Yesterday, oil drilling provider Noble Energy (NE) announced that its board of directors is considering creating a master limited partnership (MLP) structure for a portion of its drilling rigs. This news came after Noble had just spun off its jack-up rig business into a separate business named Paragon Offshore (PGN).
With the spin-off of Paragon, Noble is left with a high-quality drilling fleet that is among the youngest in the industry. Fleet age is a key asset in this business, more so today, when energy prices are declining and contract rates for drillers are showing declining trends. At the current price of $21 per share, Noble's MLP consideration is perhaps an attempt to maintain a lucrative payout in a more tax efficient structure.
Currently, Noble shares yield over 7%. If offers one of the best yields in the industry. Typically, when non-MLP dividend yields get this high, it can be a sign that the market doesn't have confidence that the yield will be maintained. One of the biggest drillers in the land, Transocean (RIG), currently yields 9.9%. This is likely to be short-lived. Either shares will rise as investor gain confidence that the payout is sustainable, or the company will reduce the payout in order to conserve cash.
A big draw to investors in these companies is the payout. Thanks to declining share prices, the drilling industry is one of the highest-yielding. However, if day-rates continue to weaken, the dividend is at risk. Fleet maintenance is the primary cash priority for these businesses.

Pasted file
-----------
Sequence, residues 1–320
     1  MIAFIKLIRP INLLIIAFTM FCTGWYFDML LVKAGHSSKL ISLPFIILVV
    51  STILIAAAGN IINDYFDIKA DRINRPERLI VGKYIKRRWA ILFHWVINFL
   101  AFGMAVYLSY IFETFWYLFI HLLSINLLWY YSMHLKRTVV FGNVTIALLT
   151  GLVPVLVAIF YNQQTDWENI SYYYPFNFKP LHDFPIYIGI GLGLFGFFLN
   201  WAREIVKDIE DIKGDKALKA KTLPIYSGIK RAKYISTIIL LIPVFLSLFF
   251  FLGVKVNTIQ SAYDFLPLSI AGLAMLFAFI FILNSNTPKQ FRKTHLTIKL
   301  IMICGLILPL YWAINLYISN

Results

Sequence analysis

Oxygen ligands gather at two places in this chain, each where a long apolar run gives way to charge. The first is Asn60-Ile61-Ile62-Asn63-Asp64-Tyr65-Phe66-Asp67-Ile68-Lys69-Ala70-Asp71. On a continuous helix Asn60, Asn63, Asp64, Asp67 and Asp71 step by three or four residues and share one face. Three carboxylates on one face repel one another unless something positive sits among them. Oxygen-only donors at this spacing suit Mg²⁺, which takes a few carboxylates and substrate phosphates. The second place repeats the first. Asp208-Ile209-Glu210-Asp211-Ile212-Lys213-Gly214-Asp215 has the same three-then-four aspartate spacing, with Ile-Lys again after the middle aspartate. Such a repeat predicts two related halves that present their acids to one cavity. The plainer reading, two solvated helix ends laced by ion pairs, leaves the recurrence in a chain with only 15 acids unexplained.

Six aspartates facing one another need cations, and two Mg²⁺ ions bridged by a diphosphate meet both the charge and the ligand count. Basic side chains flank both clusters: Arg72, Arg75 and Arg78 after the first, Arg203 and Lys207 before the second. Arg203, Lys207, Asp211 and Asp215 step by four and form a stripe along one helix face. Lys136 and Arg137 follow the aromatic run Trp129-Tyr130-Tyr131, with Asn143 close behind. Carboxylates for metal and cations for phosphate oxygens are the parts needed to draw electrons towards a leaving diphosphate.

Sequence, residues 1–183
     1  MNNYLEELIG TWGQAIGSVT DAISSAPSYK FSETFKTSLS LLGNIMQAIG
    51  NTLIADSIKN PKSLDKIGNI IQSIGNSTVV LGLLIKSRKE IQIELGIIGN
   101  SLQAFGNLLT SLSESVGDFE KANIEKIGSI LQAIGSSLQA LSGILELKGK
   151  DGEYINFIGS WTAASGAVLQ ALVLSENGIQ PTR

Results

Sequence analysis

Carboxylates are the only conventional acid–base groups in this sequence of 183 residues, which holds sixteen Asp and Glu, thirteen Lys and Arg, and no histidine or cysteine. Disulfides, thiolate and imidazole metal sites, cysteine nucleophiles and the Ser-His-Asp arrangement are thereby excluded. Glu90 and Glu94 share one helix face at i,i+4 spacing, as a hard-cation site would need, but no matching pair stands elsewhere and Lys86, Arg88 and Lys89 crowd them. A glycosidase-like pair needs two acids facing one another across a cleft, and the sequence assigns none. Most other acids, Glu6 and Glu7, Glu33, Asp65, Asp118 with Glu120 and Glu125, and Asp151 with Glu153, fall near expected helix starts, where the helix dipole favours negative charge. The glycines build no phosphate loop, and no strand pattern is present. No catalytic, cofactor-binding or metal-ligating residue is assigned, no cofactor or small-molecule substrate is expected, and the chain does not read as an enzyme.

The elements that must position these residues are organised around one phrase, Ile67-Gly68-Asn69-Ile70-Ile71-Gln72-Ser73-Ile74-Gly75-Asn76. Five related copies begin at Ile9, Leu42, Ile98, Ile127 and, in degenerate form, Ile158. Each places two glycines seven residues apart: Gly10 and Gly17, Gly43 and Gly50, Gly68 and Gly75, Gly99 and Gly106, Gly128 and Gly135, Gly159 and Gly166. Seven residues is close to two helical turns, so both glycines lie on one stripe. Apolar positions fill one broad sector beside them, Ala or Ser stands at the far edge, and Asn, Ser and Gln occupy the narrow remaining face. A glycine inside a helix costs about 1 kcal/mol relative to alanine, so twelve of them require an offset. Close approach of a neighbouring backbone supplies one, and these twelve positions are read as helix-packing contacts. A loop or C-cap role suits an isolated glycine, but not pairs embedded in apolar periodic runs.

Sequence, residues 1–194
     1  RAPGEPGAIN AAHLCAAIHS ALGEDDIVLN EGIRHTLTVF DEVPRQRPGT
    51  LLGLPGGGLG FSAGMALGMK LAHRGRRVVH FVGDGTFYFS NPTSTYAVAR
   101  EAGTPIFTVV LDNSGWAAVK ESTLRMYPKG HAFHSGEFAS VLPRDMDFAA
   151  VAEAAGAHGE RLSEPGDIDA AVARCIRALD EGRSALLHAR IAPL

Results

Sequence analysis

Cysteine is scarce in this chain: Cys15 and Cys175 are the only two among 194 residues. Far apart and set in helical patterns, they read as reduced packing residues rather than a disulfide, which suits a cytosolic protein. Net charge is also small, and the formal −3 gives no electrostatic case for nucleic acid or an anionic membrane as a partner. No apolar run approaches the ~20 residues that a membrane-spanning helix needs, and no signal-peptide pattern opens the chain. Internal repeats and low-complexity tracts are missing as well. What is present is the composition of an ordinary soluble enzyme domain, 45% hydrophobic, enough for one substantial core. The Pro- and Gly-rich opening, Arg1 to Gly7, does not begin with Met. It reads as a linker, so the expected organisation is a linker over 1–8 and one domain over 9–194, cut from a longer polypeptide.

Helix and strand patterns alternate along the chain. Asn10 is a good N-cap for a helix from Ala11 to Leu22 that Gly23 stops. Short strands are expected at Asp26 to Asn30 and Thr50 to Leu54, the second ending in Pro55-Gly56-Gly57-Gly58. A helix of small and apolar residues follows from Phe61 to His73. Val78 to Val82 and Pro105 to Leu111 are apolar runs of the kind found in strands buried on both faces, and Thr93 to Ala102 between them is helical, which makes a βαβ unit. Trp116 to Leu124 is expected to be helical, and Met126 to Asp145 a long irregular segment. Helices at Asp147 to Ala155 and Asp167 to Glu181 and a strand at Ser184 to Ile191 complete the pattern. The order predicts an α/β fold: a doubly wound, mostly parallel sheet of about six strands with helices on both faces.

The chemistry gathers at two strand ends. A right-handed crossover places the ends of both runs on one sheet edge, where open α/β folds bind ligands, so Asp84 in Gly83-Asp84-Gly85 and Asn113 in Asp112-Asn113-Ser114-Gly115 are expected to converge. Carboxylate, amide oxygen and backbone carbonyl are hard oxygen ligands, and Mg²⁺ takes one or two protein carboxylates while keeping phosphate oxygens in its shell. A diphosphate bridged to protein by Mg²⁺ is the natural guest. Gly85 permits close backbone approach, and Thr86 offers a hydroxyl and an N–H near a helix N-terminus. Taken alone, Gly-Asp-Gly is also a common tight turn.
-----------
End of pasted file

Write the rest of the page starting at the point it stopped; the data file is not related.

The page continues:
A business such as Noble, with an average fleet age of less than 14 years (typically rigs are cold-stacked as they approach 30 years of age), may be on to something very accretive to investors in contemplating an MLP structure. An MLP would allow the company to make capital upgrades and distributions prior to taxation.
Patient investors will find some value in this space today. The recent bear call by Goldman Sachs that oil would fall to $70 by mid 2015 has many on edge. At the same time, China reportedly purchased approximately 34 tankers of oil, for the country's strategic petroleum reserve, from the Middle East. That is equivalent to about 18 million barrels.
Modern fleet drillers like Noble, Ensco (ESV), and Rowan (RDC) could find themselves in a sweet spot for opportunistic investors.